Hard to be carrying concealed when you're announcing to all and sundry that you're doing so. Also, leaving the car in a public parking lot in Detroit and expecting it to not get broken into if it's near a CPL-No-Go-Zone venue may be a forlorn hope.

Any bets the first question he gets asked when he's pulled over is: "Where's the gun?".

Wednesday, November 18, 2015

The New York Daily News' Diversionary Hack At The NRA

The New York Daily News, in a mad attempt to divert attention from (Islamist) terrorism and the threat posed by all these incoming "refugees" as potential terrorist actors, decided to print "Hey Look, Squirrel!" on the paper's front cover.

It's a rather transparent and desperate attempt to get attention back to the left's favorite bugbear, gun control, and to defame the NRA.

National Review: The NRA Is Absolutely Right to Fear the ‘Terrorism Watch List’

The real question is, if there really are 700,000 people in America on the terrorist watch list, is anyone actually watching them? If they're suspected of terrorism or support for terrorism sufficient to get themselves placed on the list, why isn't some serious interdiction occurring rather than just putting them on a list and letting them walk freely about in society save for an occasional and only possible extra experience of being felt up at the airport?

After all, if they're allowed to walk around freely without any real attempt to apprehend them as terrorists that means they can acquire materials to make bombs and such, so perhaps this list is not really being taken seriously by the authorities.

When 280,000 people are on the list with no known terrorist affiliation, that's a cause for concern.

That there are thousands with actual listed affiliations to terrorist groups like Hamas, Al Qaeda, Hezballah, and the Taliban, and they're allowed to just wander around this country while the only thing done after identifying them is putting them on the list shows the government is rather fundamentally unserious about this whole counter-terrorism thing.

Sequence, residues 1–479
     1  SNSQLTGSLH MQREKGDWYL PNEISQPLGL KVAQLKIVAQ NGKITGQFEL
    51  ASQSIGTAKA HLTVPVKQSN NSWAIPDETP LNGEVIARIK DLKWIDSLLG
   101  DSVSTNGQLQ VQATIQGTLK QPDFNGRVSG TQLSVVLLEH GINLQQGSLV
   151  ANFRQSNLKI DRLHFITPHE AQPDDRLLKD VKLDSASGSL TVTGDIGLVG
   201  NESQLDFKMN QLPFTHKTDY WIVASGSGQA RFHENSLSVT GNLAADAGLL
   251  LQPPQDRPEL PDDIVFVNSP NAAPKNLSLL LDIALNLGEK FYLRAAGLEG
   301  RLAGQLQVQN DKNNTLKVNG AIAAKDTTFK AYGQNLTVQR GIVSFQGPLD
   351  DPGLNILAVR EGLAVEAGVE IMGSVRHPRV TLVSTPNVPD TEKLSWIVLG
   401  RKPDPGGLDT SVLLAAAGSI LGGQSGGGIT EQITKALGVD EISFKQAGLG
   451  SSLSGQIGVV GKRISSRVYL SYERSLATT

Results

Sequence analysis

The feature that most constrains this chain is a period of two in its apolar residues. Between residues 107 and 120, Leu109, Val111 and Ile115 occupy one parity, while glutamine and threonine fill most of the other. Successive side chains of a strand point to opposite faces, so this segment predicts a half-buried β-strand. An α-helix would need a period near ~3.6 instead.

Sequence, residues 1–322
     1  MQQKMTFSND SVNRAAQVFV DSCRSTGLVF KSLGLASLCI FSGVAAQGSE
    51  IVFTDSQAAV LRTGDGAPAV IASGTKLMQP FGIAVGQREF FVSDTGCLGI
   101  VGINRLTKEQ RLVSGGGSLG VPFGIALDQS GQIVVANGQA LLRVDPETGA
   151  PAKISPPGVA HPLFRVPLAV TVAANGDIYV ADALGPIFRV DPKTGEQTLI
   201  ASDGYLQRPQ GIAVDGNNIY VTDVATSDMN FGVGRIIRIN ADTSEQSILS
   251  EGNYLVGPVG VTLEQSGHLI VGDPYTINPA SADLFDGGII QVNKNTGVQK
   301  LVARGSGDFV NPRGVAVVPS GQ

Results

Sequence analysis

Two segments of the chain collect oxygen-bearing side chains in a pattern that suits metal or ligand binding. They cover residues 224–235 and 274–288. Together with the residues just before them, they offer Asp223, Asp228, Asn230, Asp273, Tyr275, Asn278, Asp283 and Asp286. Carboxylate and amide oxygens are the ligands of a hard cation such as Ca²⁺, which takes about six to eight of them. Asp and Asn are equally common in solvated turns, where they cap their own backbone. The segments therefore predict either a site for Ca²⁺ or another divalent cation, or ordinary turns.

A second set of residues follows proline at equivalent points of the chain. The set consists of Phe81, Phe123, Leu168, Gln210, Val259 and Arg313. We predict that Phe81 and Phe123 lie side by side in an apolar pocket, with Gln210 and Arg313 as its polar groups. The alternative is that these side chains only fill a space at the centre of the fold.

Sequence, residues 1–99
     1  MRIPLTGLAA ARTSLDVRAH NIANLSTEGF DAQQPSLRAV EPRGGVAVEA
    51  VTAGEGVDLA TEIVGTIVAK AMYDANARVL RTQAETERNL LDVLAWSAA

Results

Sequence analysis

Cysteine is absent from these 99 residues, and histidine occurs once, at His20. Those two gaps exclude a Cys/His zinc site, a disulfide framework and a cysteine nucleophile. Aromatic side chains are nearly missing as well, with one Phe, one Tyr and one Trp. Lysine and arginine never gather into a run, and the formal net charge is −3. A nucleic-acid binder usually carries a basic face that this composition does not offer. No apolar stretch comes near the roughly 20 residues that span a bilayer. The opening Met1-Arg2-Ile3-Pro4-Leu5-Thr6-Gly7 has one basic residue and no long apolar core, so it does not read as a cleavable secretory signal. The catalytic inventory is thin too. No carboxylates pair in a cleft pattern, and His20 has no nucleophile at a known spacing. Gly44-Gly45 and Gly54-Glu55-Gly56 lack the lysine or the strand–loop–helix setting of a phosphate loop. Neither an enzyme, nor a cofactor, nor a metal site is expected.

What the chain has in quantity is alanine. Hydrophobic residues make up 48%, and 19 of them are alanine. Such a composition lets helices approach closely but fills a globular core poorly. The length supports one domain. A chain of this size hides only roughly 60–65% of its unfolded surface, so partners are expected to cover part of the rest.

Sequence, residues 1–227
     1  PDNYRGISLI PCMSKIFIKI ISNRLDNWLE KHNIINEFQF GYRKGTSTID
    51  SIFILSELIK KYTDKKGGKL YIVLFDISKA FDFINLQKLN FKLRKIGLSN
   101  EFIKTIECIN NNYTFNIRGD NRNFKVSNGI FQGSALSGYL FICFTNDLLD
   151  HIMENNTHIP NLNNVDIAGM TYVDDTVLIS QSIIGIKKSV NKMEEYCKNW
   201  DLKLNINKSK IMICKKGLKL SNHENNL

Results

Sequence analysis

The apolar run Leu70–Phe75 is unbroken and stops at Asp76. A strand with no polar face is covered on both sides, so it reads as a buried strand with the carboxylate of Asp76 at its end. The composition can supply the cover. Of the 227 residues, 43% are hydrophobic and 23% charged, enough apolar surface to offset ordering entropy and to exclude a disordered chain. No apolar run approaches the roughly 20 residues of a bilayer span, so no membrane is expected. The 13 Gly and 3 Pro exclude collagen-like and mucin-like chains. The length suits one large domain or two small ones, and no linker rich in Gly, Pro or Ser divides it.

Indeed, since the criteria to be placed on it seems rather vague, and that people can be added to the list at whim, there is darn well a reasons to be concerned to add a new disqualification from owning firearms at the whimsy of some faceless official.

One can certainly see the Obama administration expanding such a list very quickly to do some "gun control under the radar" should it become a disqualifying condition. After all, he seems more rather obsessed with his "Republican enemies" rather than enemies of a foreign ideology and origin.

In short the New York Daily News should save the bile it is flinging at the NRA and instead direct it at the administration that has us fighting a phony war rather than a real war on terrorism while humming "I've got a little list".

Tuesday, November 17, 2015

Antiochus IV's Fortress Of Acra In Jerusalem Discovered

A very cool archaeological discovery:

The Detroit Free Press: Ancient Greek fortress may solve archaeological mystery in Jerusalem

Archaeologists believe they have unearthed the ancient remains of the Greek fortress of Acra.

The discovery solves one of the city's “greatest archaeological mysteries,” the Israel Antiquities Authority said Tuesday. The 2,000-year-old remains were found under a parking lot in the City of David in the Jerusalem Walls National Park.

For the past 100 years, archaeologists have puzzled over the location of the ancient fortress, which was used by Antiochus IV Epiphanes to monitor activity on Template Mount and subdue the Jewish population.

The fortress was finally retaken from the Greeks by the Hasmoneans in 141 BC, and its discovery before Hannukah is rather timely.

Flying Lesson #22 - More Happier And Crosswind Landings

Lesson 22 had me using runway 9L for takeoffs and landings, with a left pattern as the wind was from 130 degrees at 10-15 knots. I had Sean as my instructor today.

Overall the landings went pretty well, even with a gusting crosswind, with my last three out of four being very nice indeed. I had decent roll-outs and flares that got better as the lesson went on.

I think I'm getting the hang of it, finally.

Sean demonstrated an engine out emergency landing with a short base turn and then I got to try it.

Wouldn't you know it? My engine out glide-it-in-at-idle landing was perfect - a nice turn to base and then final, pitched for 65 knots the whole way through, then lined up with the runway and I was perfectly on the glide path and had one of my best landings.